October 25, 2014
Writers, artists eulogize poet, activist
Prominent writers, artists and intellectuals yesterday remembered Gelman and praised his work.
“Death is lying when it says Juan Gelman is no more,” Uruguayan writer Eduardo Galeano wrote yesterday in Página/12 daily. “He is alive in all of us who knew him, who read his work, who listened to his voice to hear our deepest inner thoughts,” Galeano said. “We will never find the words to express our gratitude to the man who was the voice of many, the man who was us and it is us who will carry on in the words he left behind.”
Talking from Bonn, Germany, writer Osvaldo Bayer told DPA news agency that Gelman “is the great poet of the Argentines: a social fighter, not the typical intellectual hidden in his lonely tower; he always took to the streets to defend the poor and ended up paying a tremendous price.”
“Very few times I have reacted so strongly to the death of a loved-one. He was my best friend, he was like a brother,” Bayer, 86, said yesterday. Bayer and Gelman were longtime friends, after meeting and working together for the Noticias gráficas daily in 1957. “The last time we spoke on the phone, eight days ago, he seemed well. Apparently, he had leukemia, something he had never told me,” Bayer told reporters.
“I knew he had little time left but not so little, I thought he would hold out longer,” actress Cristina Banegas, a friend of Gelman’s, said yesterday. “We exchanged emails until last week, he would put on display his incredible sense of humour,” Banegas said, inviting “those who are still unaware of his enormous work to read it and feel it, as I did when I was a teenager.”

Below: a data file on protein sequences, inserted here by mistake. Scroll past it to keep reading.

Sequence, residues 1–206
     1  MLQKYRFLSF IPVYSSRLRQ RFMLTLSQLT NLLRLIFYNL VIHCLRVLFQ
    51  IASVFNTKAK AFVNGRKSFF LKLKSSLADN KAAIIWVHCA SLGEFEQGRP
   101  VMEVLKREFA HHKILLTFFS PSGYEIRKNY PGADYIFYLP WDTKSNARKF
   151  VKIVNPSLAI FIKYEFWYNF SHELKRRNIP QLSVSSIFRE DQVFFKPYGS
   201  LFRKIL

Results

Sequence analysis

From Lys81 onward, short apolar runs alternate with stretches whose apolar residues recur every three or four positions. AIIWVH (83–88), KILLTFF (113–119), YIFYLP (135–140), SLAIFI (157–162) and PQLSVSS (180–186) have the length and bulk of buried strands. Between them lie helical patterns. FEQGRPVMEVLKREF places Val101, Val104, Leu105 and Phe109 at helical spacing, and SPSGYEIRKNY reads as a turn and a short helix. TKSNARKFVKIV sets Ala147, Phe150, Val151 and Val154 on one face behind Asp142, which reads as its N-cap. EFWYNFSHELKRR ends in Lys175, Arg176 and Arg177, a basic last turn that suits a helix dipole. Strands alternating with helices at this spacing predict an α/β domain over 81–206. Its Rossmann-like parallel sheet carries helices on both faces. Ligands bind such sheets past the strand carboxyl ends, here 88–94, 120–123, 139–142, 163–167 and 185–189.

Eduardo Jozami, director of the Haroldi Conti Cultural Centre for Memory, told reporters that Gelman’s work includes “the history of a century because he was a man who lived his time intensely, an engaged militant who showed such commitment to his political causes and to human rights in general, a man who suffered, in his own family, the repercussions of repression.”
Renowned playwright Griselda Gambaro — who shared the Azucena Villaflor de Devicenti Award for Human Rights with Gelman in 2011 — underlined the poet’s fight “against the dictatorship’s abuse and his struggle for the triumph of human rights and peace in the world.”
“This sort of tragedy is only to be expected when you reach a certain age but, nonetheless, it has this implausible quality which makes it even harder to bear,” the 85-year-old writers said, adding that “Gelman was a reformer of language and, as philosopher Gilles Deleuze used to say, great writers are those who find a foreign language inside their own tongue.”
Writer Vicente Battista said that “Gelman was exceptional both as a poet and a political activist and his ethics is unquestionable; we know he flirted with Communism in his youth before switching to montoneros. Later he left for Mexico but he never made any allowances, he stuck to his progressive leftwing stance.”
“Among Argentine contemporary writers, there are two who will live forever in our literature: Jorge Luis Borges and Gelman; it’s interesting to notice that they seem to belong to antithetical orbits but I know for certain that Gelman admired Borges and that Borges was intelligent enough to appreciate Gelman,” Battista added.
Musician Juan “Tata” Cedrón, who shared Gelman’s fate of exile activism and worked with the poet on albums such as Madrugada (1962), said: “He was like a father to us, what he said in his poems was sacred. His writing had that strong mix of social, political and ideological issues. He was an extraordinary fighter.”
Remembering his French exile, where he used to see Gelman a lot, Cedrón said that “Juan would arrive with his little suitcase and nothing else. He would wake up early and go out to fight for Argentina: he gathered signatures, collected papers, he was our infrastructure. That’s how he got the Swedish prime minister to sign and, since there was no flat surface around, he made him place the paper on his back to sign it.”